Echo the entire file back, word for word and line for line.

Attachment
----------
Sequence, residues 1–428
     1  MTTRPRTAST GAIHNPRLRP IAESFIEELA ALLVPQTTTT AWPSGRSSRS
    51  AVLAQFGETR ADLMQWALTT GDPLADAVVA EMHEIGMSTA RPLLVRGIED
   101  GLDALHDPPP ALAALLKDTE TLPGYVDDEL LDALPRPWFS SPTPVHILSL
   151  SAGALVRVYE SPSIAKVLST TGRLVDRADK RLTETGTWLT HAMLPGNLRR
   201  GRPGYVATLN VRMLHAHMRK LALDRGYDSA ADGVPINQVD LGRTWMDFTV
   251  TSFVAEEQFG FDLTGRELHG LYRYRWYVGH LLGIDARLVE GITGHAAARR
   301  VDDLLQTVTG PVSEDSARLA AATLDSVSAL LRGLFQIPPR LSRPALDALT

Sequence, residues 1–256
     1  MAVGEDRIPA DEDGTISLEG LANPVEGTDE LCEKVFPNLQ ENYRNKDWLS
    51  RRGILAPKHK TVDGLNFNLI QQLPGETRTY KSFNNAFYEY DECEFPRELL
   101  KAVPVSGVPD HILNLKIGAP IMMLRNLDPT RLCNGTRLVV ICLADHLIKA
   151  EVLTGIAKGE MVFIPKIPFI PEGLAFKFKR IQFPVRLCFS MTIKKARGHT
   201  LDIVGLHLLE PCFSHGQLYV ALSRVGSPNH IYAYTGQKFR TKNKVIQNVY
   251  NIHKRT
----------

Sequence, residues 1–428
     1  MTTRPRTAST GAIHNPRLRP IAESFIEELA ALLVPQTTTT AWPSGRSSRS
    51  AVLAQFGETR ADLMQWALTT GDPLADAVVA EMHEIGMSTA RPLLVRGIED
   101  GLDALHDPPP ALAALLKDTE TLPGYVDDEL LDALPRPWFS SPTPVHILSL
   151  SAGALVRVYE SPSIAKVLST TGRLVDRADK RLTETGTWLT HAMLPGNLRR
   201  GRPGYVATLN VRMLHAHMRK LALDRGYDSA ADGVPINQVD LGRTWMDFTV
   251  TSFVAEEQFG FDLTGRELHG LYRYRWYVGH LLGIDARLVE GITGHAAARR
   301  VDDLLQTVTG PVSEDSARLA AATLDSVSAL LRGLFQIPPR LSRPALDALT

Sequence, residues 1–256
     1  MAVGEDRIPA DEDGTISLEG LANPVEGTDE LCEKVFPNLQ ENYRNKDWLS
    51  RRGILAPKHK TVDGLNFNLI QQLPGETRTY KSFNNAFYEY DECEFPRELL
   101  KAVPVSGVPD HILNLKIGAP IMMLRNLDPT RLCNGTRLVV ICLADHLIKA
   151  EVLTGIAKGE MVFIPKIPFI PEGLAFKFKR IQFPVRLCFS MTIKKARGHT
   201  LDIVGLHLLE PCFSHGQLYV ALSRVGSPNH IYAYTGQKFR TKNKVIQNVY
   251  NIHKRT